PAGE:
Personal view or opinion piece
Open Access

The COVID-19 pandemic and the challenge of using technology for medical education in low and middle income countries

Dario Cecilio-Fernandes[1], Maria Cândida Ribeiro Parisi[1], Thiago M. Santos[1], John Sandars[2]

Institution: 1. University of Campinas, 2. Edge Hill University Medical School, Ormskirk, UK
Corresponding Author: Dr Dario Cecilio-Fernandes ([email protected])
Categories: Teaching and Learning, Technology
Published Date: 23/04/2020


The current use of technology for medical education in low and middle income countries (LMIC) during the COVID-19 pandemic is not yet reaching its potential. We provide recommendations for LMIC that has focus on a systematic framework that considers both faculty development and developing the skills of students. An enormous challenge for all medical educators, but especially in LMIC, continues to be how to maintain clinical teaching in these extraordinary times.

Keywords: COVID-19; faculty development; online teaching and learning; low and middle income countries; medical education


Over the last 3 months, Covid-19 has relentlessly spread as a pandemic across the world, severely disrupting the lives of the three quarters of the world population that reside within low and middle income countries (LMIC). These economically disadvantaged countries in Latin America, South East Asia and Sub-Saharan Africa have not previously developed healthcare and medical education systems to effectively respond to the current challenges presented by the pandemic.


The major challenge of the COVID-19 pandemic to all countries, including LMIC, has been to their healthcare systems.  Prior to the COVID-19 pandemic in LMIC there was already the combination of high population health demand and insufficient resources, with low numbers of skilled health professionals and medical educators. The COVID-19 pandemic has required medical educators across the world to deal with the huge responsibility of rethinking how they can continue to deliver high quality medical education at a time when medical schools are closing face to face teaching due to social isolation strategies and educators have to cope with their enormous clinical responsibilities.


In response to the COVID-19 pandemic, most medical schools across the world, including LMIC, have started to rapidly transfer their curricula from face to face to online delivery using (McKimm, Gibbs, Bishop and Jones, 2020; Goh and Sandars, 2020). However, we are concerned that there are significant challenges for LMIC that have not been being fully appreciated by the medical educators in these countries and that the expected outcomes of maintaining high quality medical might not be achieved.


In this Personal View, we will discuss the challenge of using technology for medical education in LMIC, which has increased during the current COVID-19 pandemic, and offer practical advice on how its potential can be fully realised at this time of crisis in healthcare and medical education.  Our advice is based on our current experience of a medical school in Brazil, which is typical of many other LMIC, and our previous extensive experience in developing, implementing and evaluating online medical education in LMIC.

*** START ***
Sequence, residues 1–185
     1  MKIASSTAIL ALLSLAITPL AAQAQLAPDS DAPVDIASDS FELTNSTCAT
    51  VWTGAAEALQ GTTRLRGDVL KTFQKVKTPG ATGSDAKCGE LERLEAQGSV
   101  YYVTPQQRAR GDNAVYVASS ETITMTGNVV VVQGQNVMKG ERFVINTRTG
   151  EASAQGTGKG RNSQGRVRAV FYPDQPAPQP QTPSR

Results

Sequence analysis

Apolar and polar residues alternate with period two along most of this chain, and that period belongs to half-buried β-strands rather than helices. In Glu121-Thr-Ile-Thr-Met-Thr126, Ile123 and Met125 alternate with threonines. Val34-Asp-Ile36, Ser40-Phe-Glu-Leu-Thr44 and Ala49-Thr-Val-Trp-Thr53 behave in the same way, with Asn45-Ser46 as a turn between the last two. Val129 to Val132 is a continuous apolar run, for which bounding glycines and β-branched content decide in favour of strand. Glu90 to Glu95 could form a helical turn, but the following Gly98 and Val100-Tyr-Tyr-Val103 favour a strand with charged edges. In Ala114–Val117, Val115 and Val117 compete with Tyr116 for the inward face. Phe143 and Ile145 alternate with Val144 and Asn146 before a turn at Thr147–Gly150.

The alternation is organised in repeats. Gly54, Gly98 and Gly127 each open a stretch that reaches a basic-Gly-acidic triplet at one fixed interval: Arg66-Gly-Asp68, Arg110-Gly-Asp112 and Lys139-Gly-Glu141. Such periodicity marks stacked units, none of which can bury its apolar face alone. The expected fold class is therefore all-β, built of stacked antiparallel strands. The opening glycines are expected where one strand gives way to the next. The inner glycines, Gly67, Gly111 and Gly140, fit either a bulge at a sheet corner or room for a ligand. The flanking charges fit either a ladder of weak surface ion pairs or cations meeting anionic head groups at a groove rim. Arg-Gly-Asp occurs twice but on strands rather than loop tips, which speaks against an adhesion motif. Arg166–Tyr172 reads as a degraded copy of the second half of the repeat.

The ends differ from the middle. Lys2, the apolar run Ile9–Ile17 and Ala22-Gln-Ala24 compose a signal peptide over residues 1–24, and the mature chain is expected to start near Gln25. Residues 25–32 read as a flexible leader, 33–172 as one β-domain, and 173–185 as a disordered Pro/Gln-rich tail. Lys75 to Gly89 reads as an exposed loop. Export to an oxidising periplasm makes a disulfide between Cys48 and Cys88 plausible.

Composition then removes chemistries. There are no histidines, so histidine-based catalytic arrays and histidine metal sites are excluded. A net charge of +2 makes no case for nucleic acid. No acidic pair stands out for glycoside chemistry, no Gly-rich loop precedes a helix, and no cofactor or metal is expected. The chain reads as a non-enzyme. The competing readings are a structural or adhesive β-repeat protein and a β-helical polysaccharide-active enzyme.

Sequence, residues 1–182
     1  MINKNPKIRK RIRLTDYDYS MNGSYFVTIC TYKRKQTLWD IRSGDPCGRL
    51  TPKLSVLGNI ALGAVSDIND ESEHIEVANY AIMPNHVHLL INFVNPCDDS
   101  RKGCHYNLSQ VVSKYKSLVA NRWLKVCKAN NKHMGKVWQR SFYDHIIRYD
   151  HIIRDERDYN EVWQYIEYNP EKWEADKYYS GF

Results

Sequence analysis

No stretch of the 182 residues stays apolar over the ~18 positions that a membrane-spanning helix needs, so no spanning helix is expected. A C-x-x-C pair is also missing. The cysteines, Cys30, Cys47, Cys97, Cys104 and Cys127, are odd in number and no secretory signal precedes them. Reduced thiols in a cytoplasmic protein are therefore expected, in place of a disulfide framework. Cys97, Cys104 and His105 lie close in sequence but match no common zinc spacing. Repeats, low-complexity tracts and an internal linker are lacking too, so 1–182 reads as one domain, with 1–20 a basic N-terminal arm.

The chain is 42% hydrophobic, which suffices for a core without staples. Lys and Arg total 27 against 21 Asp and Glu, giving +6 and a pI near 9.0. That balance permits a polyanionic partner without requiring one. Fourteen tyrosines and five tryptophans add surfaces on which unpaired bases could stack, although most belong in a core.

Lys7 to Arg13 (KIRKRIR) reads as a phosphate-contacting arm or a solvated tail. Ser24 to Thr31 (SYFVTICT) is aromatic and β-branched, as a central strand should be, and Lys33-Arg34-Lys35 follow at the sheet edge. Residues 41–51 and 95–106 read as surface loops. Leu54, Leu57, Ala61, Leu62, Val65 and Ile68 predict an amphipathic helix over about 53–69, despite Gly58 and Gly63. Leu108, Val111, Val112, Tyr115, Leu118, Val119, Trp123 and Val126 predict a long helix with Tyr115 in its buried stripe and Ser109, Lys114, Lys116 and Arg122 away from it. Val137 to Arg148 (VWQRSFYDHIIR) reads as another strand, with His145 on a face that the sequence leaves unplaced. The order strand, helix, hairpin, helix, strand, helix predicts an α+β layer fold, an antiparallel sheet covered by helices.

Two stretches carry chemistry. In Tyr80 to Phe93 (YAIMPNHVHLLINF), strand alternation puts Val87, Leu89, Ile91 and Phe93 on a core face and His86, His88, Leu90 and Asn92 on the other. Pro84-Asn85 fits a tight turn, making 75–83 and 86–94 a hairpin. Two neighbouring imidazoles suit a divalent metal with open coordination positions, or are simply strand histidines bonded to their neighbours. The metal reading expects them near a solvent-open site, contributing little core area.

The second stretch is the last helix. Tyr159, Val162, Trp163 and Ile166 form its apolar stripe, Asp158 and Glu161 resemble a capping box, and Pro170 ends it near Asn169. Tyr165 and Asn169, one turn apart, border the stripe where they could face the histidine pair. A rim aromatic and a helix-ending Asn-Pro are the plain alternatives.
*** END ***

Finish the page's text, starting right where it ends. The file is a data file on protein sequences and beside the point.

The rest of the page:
Current experience in Brazil

Following other countries, we have rapidly moved to online teaching and learning, without much online experience in both medical educators and students. The process of moving online has been mainly in two ways. First, educators have continued with the same traditional format as face to face education, maintaining the same schedule and time of the classes, except that this was now online. Often, the classes have continued to be from one to four hours duration. Second, teachers have recorded their lectures, which comprises of uploading PowerPoint presentations and several texts. There has also been little coordination by educators to ensure that there is no overlap in provision.


Educators are spending a lot of time and energy in moving to online education and this has been a top-down process with minimal or no input from students.


Sitting for a few hours in front of a computer is a great challenge for students, especially when having a traditional format class delivered online. Students can easily become distracted since most do not have a dedicated place to study at home or student accommodation and there are also other challenges, such as the need for a laptop and poor internet access or connection, with intermittent episodes of ‘connect and disconnect’ throughout the lecture. More importantly, it is difficult to keep track of which students are actually attending the class.


Faculty development is key to ensure teachers can make effective use of different instructional strategies to engage students, but to date our provision has been mainly focused on basic aspects of online teaching, such as how to create an online discussion room or how to record a lecture, with simple tips on limiting recordings to between 15 and 20 minutes.